Mexico City Low Cost of Living

Mexico City
Cost of Living (Text) or (Video)
Things to Do (Text) or (Video)
Old Town Walking Tour (Map) or (Video)
La Condesa and Roma Norte Walking Tour (Map) or (Video)
Polanco, Anthropology Museum, Mexican Castle Tour (Map) or (Video)
Best Places to Stay
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Flights, Trains, Buses
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Mexico City Cost of Living

5 (100%) 4 votes
  This is Dan from Vagabond Buddha. As I travel around the world, I collect data about the cost of living. This post has the Mexico City cost of living data. After 11 years of travel to 64 countries, I don’t really believe in retirement anymore. I think I will keep traveling for at least 6 months per year. But I would like to have a place somewhere in the world that I call home for the other 6 months per year. This is my quest.

Above is the condo where we stayed for $19 USD per day near the La Condesa area of Mexico City.

Livability Factors: When I visit a new place I think about my livability factors. My livability factors include walkability, internet reliability, quality food choices, weather, social factors, and political considerations. I add all that up and it leads to my personal desirability to live somewhere. Your factors will likely be different.

Walkability: My three favorite areas of Mexico City are La Condesa, Roma Norte, and Polanco. All three of these are extremely beautiful and walkable. Everything you need is nearby. It would not be an exaggeration to say that all three are as walkable as East or West Village in New York City. They are just cheaper.

Internet: The Internet was not an issue at all in Mexico City. We had a great connection in our Airbnb apartment and in various coffee shops.

Food: The international food choices in Mexico City are immense. There are cuisines from all over the world and the quality is extremely high. This is an international city.

Weather: Mexico City is situated at 2250 meters above sea level (7,380 feet), so it is almost never really as hot as Mexican beaches. The month of May has the warmest average high for the day of 81 F (27 C). The month of January has the lowest average high for the day of 72 F (22 C). It never really gets that cold in Mexico City either. The coldest month is January and it averages 41 F (5 C) at night and the warmest month average of 55 F (13 C) at night. There is at least some rain in May (6 days), June (9 days), July (15 days), August (13 days), and September (10 days). The other months have little to no rain. It last snowed in Mexico City in 1967.

Air Quality: I don’t usually mention air quality, but I was surprised of how god the air quality was in July when I was in Mexico City. In Asia, especially India and China, a city this size (25 million) would have poor air quality. That was not the case here. This was just my personal observation. I did not read the air quality comparison data which is available online for many cities.

Things to Do: The are endless things to do in and around Mexico City, and you would expect in any international city. Traffic can be bad so time your entry and exit strategy accordingly.

Social Considerations: Everything and everyone is in Mexico City. You may have to be a bit creative to locate things, but if you are, you will find your tribe here.

Desire to Move Here: I love Mexico City. I could call this home for 6 months of the year for sure.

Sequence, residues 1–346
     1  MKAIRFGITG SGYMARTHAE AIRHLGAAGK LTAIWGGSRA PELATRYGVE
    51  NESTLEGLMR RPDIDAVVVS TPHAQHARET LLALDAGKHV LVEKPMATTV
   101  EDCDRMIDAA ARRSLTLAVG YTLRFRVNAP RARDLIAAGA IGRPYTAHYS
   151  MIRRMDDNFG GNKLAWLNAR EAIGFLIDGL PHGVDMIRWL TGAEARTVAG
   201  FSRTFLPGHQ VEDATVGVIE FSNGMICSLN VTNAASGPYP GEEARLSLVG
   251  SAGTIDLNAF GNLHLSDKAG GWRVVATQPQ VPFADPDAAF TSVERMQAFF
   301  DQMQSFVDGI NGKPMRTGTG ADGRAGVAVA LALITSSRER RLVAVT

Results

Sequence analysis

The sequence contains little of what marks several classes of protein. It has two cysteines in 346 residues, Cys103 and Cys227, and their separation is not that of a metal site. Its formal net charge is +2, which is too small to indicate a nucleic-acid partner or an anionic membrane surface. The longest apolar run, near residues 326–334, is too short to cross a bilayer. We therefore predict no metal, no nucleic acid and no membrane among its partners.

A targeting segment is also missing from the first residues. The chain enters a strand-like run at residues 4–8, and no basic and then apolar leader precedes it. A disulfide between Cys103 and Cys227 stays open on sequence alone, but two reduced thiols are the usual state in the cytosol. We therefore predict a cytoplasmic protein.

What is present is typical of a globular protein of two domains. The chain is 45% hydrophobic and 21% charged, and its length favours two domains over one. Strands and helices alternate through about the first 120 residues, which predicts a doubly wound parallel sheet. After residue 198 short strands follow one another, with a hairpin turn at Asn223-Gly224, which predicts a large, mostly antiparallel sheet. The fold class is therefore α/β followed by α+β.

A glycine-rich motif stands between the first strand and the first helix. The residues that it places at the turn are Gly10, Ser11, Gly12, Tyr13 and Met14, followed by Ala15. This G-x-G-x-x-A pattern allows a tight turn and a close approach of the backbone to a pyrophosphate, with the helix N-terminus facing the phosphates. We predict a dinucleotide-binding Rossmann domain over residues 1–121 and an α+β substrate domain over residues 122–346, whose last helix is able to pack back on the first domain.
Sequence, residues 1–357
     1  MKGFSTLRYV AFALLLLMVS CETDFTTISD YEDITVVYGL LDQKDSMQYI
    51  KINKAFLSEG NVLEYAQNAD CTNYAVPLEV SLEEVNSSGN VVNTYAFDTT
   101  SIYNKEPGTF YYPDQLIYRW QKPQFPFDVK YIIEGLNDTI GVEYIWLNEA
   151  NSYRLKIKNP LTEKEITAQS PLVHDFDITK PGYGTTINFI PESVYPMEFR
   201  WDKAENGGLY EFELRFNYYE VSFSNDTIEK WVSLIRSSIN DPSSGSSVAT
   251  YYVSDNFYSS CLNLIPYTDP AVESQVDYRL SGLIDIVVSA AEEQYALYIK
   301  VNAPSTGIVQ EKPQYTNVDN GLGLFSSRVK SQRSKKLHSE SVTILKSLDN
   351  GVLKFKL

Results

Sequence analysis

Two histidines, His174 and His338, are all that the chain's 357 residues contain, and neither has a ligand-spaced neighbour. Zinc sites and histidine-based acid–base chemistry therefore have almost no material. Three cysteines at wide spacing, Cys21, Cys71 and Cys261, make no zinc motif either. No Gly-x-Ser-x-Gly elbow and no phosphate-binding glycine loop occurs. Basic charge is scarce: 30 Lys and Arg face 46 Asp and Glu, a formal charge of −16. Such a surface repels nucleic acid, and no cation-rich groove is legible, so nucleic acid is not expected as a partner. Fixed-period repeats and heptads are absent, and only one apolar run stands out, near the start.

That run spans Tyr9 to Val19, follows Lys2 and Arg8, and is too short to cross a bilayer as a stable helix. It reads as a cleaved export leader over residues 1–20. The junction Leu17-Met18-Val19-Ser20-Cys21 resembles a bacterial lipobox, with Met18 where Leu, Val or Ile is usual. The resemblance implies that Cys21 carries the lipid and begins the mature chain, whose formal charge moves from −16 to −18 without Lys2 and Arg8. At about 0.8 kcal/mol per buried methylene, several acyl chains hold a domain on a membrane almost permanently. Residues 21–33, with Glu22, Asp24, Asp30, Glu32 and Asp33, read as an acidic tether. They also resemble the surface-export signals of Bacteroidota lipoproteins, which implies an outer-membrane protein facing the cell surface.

Here are my estimated costs of living one month in Mexico City, as a temporary visitor.

Some of the estimates could be reduced. For example, if you rented a furnished apartment by the month, it could be cheaper. Or, you could get a nicer place for the same amount of money. These expenses are based upon the La Condesa, Polanco, and Roma Norte areas of Mexico City. I was only here for 10 days so I can’t really speak for all of Mexico City. You can rent a small furnished 1 bedroom apartment ranging from about 600 to 1000 USD per month depending on how nice and how close you want to be to the best areas.

Monthly Cost of Living, Mexico City ($USD)






Airbnb (Apartment)





Moderate Hotel





Backpacker Hostel





High End Restaurant





Neighborhood Restaurant





Food Cart





















Per Month





Per Day




For more information about how the above “Cost of Living Monthly Multiplier” works, please visit the bottom of this page at Vagabond Buddha. The above table does not include alcohol, excursions, or extras, and it is for one person. These costs are based upon eating outside your accommodations twice a day. If you stay in the Airbnb apartment, you might be able to save money cooking more. But that depends on what you cook and whether you would otherwise eat in Food Carts, Neighborhood Restaurants, or High-end restaurants. Some of the expenses remain unchanged when you add another person. I am not guaranteeing anything. These are just my notes from my personal travel.

If you book my recommended flights, tours, or accommodations, you will pay nothing extra, but I will earn a small commission. This will help me continue to travel and share with you.

Here are the tours available in Mexico City. I recommend using either Viator Mexico City Tours or GetYourGuide Mexico City Tours. These are tour aggregators. That means they just publish tours conducted by third parties. Some tours are better than others. So you need to read the reviews. Look for a tour that has at least 5 reviews that sound good, and 2 of those reviews should be within the last few months.

Here are my recommendations for accommodations in Mexico City. Here is information about how to get to Mexico City.

If you would like to learn how to make money online, or how to live internationally possibly with less money than you spend at home, please subscribe to Vagabond Buddha or get a free copy of my Ebook.

Thank you, Dan of Vagabond Buddha

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